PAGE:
By Mr. William

This is the fourth of the four-part series I call ‘Pushing the Envelope’ due to some weekends back to back to back that could possible have triggers involved that might awake my lung buddy ‘Lenny’.

We’ve already talked about the flare up caused by trying to help put out some weed and feed in the yard, followed by another flare up, though not as defined or aggravated as the first when I spent two hours at an outdoor auto show when varies pollens were flying around in the air – and of course last week spending a three-day weekend with family at my oldest granddaughters graduation which included long stints of time with a three-month old chocolate lab and a seven-year old jack Russell, while I am supposed to have a major allergy to dogs or so at least that is how I was raised.

This ‘Pushing the Envelope #4’ is all about spending nearly 10 hours driving round-trip to pick up a new companion for myself and my wife – an 11-week old Maltese puppy, followed up by his first 48-72 hours in his new, our home.

Can I absolutely say it has gone perfect, no of course not? Can I say I am totally confidant that the puppy will not cause me some issues, no – not yet. Can I say the puppy, Frosty is his name, is totally comfortable yet in his new home in our home, no not yet?

What I can say is – Frosty feels lots of love, willingness to get lots of loving playtime and much patience as he struggles to understand the ropes of house training.

What I can say is – Frosty has already found his sweet spot to plop his little furball body – right on top of my feet, in between my feet or something really close to where ever I may be sitting or working. In other words, he already knows he his Papa’s boy and his enjoying that honor.

Frosty-May26-2018--ChillingWithPapa-2  They say having a new puppy is like having a toddler around, well maybe just a little bit – I just don’t remember having to train my new baby without diapers and worrying about them messing with my good shoes, jackets and sandals if they are anywhere near available.

As for me and the pushing the envelope thing – so far it is okay, though I do at times feel a bit of an irritation, which I solve by simply not spending an extended period of time with him in my arms or on my lap (which is really hard to do as much as Frosty has smitten my heart).

I am always fully aware of the history I have had with allergies to dogs and cats, knowing full well that things like cats or even birds will never work for me. But I have learned over the last 10-15 years that sometimes my allergies to a dog may depend on the breed and then on how well the owners take care of the dog and the home they live in.

For instance, my daughter had for many years an Alaskan Husky named ‘Nicki’ and due to my daughter keeping ‘Nicki’ groomed, bathed and the house clean of shedding hair as much as possible, I was able to spend as much as three days for a visit within the house for long periods of time. Now, as described in Part 3 of Pushing the Envelope, the chocolate lab and jack Russell do not bother me like everyone seems to think they should. Of course, it helps that these dogs all learned early on the limits of being on Papa.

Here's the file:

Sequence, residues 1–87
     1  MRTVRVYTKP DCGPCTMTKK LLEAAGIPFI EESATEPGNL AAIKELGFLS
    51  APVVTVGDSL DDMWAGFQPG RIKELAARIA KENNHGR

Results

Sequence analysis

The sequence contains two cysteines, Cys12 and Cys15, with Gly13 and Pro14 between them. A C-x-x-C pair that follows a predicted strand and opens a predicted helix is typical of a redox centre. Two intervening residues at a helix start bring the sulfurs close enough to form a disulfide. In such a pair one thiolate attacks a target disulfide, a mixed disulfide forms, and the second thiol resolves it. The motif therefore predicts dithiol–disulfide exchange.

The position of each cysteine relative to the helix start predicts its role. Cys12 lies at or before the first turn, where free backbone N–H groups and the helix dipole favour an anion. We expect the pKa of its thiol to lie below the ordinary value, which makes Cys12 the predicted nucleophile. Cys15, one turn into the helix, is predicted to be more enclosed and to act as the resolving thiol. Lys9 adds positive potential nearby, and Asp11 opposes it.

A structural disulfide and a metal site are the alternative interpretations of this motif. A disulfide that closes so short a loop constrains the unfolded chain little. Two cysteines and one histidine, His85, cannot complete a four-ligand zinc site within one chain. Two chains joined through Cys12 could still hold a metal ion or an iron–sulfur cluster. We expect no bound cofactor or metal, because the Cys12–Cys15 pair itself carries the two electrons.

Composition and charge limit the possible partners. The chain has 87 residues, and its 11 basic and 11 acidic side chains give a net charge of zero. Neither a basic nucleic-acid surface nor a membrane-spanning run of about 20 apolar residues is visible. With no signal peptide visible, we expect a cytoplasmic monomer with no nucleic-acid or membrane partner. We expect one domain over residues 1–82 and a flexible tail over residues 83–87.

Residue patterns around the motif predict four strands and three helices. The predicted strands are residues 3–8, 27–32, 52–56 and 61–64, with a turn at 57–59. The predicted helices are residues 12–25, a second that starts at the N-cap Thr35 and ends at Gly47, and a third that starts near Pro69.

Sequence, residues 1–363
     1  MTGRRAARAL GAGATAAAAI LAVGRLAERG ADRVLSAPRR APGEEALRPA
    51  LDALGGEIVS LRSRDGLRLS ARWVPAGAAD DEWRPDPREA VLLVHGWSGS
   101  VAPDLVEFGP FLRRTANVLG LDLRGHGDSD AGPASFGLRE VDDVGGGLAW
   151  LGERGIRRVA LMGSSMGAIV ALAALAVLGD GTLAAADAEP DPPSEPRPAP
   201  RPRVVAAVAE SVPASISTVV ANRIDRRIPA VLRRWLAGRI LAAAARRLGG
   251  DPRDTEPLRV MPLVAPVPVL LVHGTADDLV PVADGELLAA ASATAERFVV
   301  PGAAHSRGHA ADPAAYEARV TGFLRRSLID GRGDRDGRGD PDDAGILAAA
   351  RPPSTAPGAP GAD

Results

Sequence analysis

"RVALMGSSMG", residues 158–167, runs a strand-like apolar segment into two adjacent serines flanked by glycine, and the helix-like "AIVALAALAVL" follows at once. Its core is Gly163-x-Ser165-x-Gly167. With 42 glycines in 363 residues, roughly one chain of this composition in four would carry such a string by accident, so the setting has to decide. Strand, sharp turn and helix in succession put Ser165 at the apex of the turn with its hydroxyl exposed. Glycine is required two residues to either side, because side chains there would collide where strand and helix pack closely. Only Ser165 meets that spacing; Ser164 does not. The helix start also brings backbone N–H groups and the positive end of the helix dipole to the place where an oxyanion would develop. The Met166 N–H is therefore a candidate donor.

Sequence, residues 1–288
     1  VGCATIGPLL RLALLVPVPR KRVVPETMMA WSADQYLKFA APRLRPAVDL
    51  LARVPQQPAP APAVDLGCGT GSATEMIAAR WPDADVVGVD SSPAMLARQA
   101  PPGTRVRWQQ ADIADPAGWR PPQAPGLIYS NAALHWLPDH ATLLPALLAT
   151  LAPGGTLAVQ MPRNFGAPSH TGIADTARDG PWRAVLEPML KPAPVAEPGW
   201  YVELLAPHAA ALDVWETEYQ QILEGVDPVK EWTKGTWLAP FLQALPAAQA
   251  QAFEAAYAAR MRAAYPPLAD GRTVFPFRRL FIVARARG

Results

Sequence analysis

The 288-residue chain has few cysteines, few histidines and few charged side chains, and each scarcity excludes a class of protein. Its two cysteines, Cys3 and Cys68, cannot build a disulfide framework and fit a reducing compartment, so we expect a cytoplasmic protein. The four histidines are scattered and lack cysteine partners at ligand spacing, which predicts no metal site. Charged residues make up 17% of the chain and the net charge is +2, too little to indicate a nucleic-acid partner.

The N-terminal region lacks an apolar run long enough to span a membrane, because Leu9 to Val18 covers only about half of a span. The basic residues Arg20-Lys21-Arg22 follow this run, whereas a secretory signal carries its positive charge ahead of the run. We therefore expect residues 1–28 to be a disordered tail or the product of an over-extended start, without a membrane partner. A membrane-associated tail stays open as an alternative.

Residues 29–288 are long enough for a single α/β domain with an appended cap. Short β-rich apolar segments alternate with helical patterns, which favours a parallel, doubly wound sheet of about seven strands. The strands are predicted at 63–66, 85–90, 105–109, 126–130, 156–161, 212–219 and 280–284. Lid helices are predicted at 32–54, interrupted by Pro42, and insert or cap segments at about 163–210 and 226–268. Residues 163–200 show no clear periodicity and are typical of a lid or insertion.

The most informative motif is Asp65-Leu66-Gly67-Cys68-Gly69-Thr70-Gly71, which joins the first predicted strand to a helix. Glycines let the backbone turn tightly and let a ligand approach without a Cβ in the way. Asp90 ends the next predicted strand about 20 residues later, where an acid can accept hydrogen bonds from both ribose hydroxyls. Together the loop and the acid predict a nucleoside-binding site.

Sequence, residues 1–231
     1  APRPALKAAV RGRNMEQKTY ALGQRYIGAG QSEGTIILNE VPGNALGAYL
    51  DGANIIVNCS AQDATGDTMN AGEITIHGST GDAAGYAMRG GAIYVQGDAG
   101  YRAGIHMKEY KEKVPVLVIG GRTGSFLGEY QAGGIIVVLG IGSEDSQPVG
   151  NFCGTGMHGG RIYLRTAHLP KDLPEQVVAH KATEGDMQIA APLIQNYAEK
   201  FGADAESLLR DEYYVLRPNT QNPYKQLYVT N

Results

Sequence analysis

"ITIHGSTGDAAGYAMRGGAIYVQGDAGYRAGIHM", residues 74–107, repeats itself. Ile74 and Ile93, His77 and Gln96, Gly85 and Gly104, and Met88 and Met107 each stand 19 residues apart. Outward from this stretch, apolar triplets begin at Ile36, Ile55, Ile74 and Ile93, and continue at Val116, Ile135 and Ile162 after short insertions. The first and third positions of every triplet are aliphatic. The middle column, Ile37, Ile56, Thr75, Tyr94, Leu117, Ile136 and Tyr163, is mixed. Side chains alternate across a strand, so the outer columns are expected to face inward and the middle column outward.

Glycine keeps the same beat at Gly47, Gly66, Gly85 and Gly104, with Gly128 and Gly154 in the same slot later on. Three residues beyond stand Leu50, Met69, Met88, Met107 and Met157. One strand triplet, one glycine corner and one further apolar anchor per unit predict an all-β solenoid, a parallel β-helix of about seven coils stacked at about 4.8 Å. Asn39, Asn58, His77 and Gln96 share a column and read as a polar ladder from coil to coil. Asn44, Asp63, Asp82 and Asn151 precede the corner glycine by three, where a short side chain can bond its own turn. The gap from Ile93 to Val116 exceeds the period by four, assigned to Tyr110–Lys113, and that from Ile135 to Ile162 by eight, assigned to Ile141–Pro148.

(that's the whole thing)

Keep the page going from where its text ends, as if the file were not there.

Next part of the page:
So, we move forward with a fun, white furball named Frosty, that will keep me companionship since I am home a lot. The hopes that as we get him trained and as he grows to fit into some kind of collar or harness (at the moment he is tiny enough to shimmy out of the ones we bought) will give me a more positive reason to get up, get out and try to get more walking in which will not only help my COPD, but my weight issues as well.

As we move forward with the new addition to the household, I am sure that both ‘Lenny’ and me will have our moments in dealing with Frosty, but due to the love and adventure he supplies – we will do what ever we can do to make it work.

And that my friends, is where ‘Lenny’ and Me are 4 today.

As always, if you or anyone you know have any symptoms involving lung and breathing functionality, and they linger over and over while disrupting a lifestyle – then please ask questions and get it checked out.

ALWAYS REMEMBER > A person without good breathing, is a person with a life of constant caution’, so let’s do what we can, to learn what we can, to improve what we can.

With that, I bid to all – smiles, prayers, blessings and steady breathing – Mr. William.

(Copyright@2018, CrossDove Writer through – no part of this write may be used or copied without written permission.)

NOTES: Sometimes we share what may seem like medical information, but we are only giving descriptions and highlights of various aspects of having COPD and/or Asthma and no way do we ever want our information to be considered medical treatment type of information, always consult your physician for more, clearer medical founded information.